Knowledge Base:  
You are here: Knowledge Base > Techie Tips
Is Your Virtual Environment Running on the Right Hardware?
Last Updated: 07/20/2018

Is Your Virtual Environment Running on the Right Hardware?

by Ben Yampolsky

By now, many of us have firsthand experience with the benefits achieved through virtualization. Whether eliminating environment complexity, increasing flexibility, maximizing resources, or saving money, virtualization has become the standard rather than the cutting edge. Before one can jump on the virtualization bandwagon, there are a few hardware choices that must be made to ensure the foundation is strong. Future proofing your hardware will go a long way to saving long IT hours when production is on the line. Here’s how to meet the infrastructure challenge that virtualization throws your way.

#1: RAM’s the Name of the Game

In modern hardware environments where the current generation of CPU sports double the cores of the last, the first physical resource you will run out of is RAM. System memory is one of the key considerations when selecting the underlying host hardware and will more often than not end up as your limiting factor for the total number of VM’s that your environment can support. It’s no wonder that, in the midst of VMware’s licensing debacle in 2012, VMware attempted to charge for the amount of physical RAM assigned to a host - before the masses rebelled.

We recommend workhorse systems from Dell or HP that use DDR3 ECC RAM, for example Dell’s 11th+ or HP’s G6/G7 generation servers. To determine the total amount of system memory to shoot for use the following rule of thumb: 6 - 8GB memory per Intel or 2 - 4GB per AMD CPU core. As an example, if the server platform you are looking at supports dual 6-core Intel CPUs, you would multiply 2 x 6 x 8 to arrive at 96GB of system RAM.

#2: Compute This

Intel and AMD have developed technologies for optimal CPU performance in virtualized environments. Examples of these features include hardware-assisted CPU virtualization (Intel VM-X and AMD-V) and Memory Management Unit (MMU) Virtualization (Intel EPT and AMD RVI). Using these technologies, VMs can share CPUs the way vacationers buy timeshares: considering that Intel CPUs use hyperthreading, which creates 2 logical CPUs per physical CPU core. A good rule of thumb is as follows: allow up to 1 - 2 VMs per physical CPU core for VMs that are compute intensive; 2 - 4 VMs per physical CPU core for VMs that have intermittent use or low workload averages. For example, if you are virtualizing server operating systems that will support multiple users, a physical host with dual 6-core Intel CPUs would be capable of supporting a max of 2 x 6 x 2 x 2 to arrive at 48 VMs.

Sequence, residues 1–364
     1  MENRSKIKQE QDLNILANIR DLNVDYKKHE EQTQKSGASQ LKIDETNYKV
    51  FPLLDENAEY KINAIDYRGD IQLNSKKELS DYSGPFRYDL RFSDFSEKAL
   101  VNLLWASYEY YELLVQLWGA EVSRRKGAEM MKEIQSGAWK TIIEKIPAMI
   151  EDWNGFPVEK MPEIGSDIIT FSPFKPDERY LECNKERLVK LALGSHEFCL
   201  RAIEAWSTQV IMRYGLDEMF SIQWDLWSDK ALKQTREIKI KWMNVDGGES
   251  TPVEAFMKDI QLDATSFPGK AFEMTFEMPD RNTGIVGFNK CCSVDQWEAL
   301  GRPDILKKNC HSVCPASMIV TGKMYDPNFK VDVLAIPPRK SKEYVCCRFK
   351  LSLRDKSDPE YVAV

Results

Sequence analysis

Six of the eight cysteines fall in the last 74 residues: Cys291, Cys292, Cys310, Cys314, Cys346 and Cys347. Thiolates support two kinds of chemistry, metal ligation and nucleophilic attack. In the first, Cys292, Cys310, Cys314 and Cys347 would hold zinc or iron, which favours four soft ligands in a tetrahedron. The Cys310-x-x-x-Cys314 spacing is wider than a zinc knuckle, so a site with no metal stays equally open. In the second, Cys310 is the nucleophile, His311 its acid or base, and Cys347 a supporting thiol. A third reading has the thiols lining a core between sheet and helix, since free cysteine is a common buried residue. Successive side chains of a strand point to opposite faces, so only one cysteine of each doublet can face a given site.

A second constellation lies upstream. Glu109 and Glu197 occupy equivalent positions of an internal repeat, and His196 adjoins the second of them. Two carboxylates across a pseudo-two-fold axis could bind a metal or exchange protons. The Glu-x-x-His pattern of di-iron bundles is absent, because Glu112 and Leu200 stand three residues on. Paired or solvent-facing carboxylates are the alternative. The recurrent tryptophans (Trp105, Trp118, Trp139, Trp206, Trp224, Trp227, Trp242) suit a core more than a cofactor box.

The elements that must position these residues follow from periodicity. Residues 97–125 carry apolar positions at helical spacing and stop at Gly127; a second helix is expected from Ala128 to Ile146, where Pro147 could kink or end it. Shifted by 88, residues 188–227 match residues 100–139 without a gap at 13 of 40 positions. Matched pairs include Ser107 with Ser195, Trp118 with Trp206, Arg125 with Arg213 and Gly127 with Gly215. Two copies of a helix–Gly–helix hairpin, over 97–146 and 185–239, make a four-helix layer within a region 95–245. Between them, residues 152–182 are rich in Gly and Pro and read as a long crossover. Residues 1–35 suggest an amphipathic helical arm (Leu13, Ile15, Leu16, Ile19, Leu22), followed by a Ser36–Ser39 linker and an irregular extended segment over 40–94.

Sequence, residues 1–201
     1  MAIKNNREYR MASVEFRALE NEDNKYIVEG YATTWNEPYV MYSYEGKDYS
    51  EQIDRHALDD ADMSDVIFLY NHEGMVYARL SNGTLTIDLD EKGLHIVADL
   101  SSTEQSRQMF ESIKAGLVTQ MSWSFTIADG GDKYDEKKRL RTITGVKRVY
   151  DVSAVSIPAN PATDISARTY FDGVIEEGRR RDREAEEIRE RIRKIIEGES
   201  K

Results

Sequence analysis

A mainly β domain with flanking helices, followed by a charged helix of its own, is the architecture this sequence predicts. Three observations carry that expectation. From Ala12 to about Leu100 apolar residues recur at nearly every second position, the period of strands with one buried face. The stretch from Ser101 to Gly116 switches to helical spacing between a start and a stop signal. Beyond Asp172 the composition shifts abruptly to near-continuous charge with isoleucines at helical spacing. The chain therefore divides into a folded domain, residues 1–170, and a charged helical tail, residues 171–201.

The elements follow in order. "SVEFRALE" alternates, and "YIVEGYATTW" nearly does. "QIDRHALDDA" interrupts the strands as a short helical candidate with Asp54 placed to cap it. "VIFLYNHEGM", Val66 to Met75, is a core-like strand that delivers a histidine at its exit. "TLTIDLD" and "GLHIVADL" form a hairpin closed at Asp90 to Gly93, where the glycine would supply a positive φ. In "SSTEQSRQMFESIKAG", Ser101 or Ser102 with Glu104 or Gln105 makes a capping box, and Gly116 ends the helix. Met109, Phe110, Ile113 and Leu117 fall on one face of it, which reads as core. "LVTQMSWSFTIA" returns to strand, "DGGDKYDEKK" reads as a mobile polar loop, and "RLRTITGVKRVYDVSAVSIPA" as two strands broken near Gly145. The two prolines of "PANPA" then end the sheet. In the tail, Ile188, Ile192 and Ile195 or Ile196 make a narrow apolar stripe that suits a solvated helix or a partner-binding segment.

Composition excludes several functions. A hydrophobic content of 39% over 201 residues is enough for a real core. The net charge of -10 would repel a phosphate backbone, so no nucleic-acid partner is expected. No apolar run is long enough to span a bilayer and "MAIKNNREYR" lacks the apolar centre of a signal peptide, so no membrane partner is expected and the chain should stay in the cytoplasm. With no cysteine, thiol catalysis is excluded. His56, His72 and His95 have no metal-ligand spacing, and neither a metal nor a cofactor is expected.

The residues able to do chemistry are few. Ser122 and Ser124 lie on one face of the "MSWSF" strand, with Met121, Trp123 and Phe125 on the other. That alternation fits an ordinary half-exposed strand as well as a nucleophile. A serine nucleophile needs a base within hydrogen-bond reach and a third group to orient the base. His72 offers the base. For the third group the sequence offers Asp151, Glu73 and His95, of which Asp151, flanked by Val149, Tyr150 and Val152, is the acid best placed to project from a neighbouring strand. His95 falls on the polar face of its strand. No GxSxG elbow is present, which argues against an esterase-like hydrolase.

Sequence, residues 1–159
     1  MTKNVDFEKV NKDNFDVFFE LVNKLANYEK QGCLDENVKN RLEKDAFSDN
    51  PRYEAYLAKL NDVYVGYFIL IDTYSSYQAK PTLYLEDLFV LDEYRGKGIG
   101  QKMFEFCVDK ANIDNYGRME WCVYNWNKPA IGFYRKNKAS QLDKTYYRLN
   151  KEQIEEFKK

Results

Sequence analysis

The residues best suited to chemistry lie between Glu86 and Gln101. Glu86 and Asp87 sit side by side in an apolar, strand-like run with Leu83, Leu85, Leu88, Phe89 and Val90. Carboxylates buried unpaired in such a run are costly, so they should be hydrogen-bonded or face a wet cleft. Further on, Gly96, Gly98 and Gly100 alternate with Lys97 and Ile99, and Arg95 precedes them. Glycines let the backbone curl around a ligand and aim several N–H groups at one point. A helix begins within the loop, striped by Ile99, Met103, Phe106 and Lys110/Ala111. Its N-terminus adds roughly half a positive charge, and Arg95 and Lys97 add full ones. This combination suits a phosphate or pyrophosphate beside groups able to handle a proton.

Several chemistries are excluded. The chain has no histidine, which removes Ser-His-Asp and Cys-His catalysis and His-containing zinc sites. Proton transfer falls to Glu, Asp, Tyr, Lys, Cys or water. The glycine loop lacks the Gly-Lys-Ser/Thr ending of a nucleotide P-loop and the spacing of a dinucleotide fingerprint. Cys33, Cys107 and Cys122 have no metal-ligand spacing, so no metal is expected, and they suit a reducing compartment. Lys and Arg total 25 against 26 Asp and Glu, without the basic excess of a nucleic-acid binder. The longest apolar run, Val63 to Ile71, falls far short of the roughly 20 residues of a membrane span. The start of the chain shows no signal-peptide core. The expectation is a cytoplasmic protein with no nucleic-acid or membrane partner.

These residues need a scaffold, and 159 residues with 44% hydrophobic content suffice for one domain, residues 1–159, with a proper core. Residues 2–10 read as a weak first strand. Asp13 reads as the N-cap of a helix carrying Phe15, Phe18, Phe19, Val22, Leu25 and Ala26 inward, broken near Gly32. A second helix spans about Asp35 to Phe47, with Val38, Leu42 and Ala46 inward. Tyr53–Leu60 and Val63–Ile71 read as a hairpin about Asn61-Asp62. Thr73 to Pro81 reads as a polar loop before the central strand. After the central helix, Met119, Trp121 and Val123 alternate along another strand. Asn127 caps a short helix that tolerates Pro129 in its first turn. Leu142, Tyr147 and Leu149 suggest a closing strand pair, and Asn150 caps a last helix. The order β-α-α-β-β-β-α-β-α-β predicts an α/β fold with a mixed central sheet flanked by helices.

#3: Networking Isn’t Just for Socialites

The current state of networking hardware is in a transitional state - that is to say a majority of networks are still using 1Gbps hardware whereas many of the newer servers and networking products have moved to 10Gbps or faster. The key to deciding which way to go for someone trying to decide if the faster hardware is a better investment is to look at the newer software layer storage technologies that are flooding the market from Microsoft, VMware, and other vendors. These OEMs are banking on the new 10Gbps standard to enable efficient network multi-tenancy and interchangeable network storage endpoints. The new technologies are unlocking a new world of storage options as well as addressing a key bottleneck of high-capacity VM servers: how to squeeze so many data streams onto a single physical pipe.

#4 It’s Not A Bug Spray

When moving massive amounts of data internally from RAM to storage, a high-end RAID controller will pay dividends to overall server performance. The amount of RAID cache and technologies that take advantage of storage tiering - like CacheCade - will often double overall server performance and make a significantly higher contribution per dollar spent than virtually any other system component.

Many VM workloads are very sensitive to the latency of I/O operations. It is therefore crucial to spread I/O over multiple available paths to storage, whether that be multiple HBAs to external storage, or higher number of spinning disks in a high performance RAID configuration such as level 10. Capacity needs will vary greatly, depending on VM applications, but adding additional capacity is easier than improving the performance of the underlying storage subsystem once the host is deployed. Don’t forget to account for future data growth by figuring a minimum of 20 - 30% additional usable capacity for VM files and snapshots. Figure on a mix of flash, SAS, and midline drives in your storage lineup to properly match your I/O workload with the underlying spindle or memory performance.

Was this article helpful?


Related Articles
 > Consensus On Hybrid Cloud
 > The Desktop Peacefully Passes
 > Tiered Storage
 > Big Data? Big Whoop!
 > Preparing To Switch
 > The Next vWave
 > Maximize Utility
 > Destruction Via Encryption
 > Ubiquitous Communication Through WebRTC
 > Windows XP, Target Data Breach, and Cautionary Tales For CIO Hopefuls
 > Windows XP PC's a.k.a. The Walking Dead
 > Top Questions for Your Next Storage Vendor
 > If You Don’t Have Solid-State Drives, You’re Missing Out
 > Storage and Networking Convergence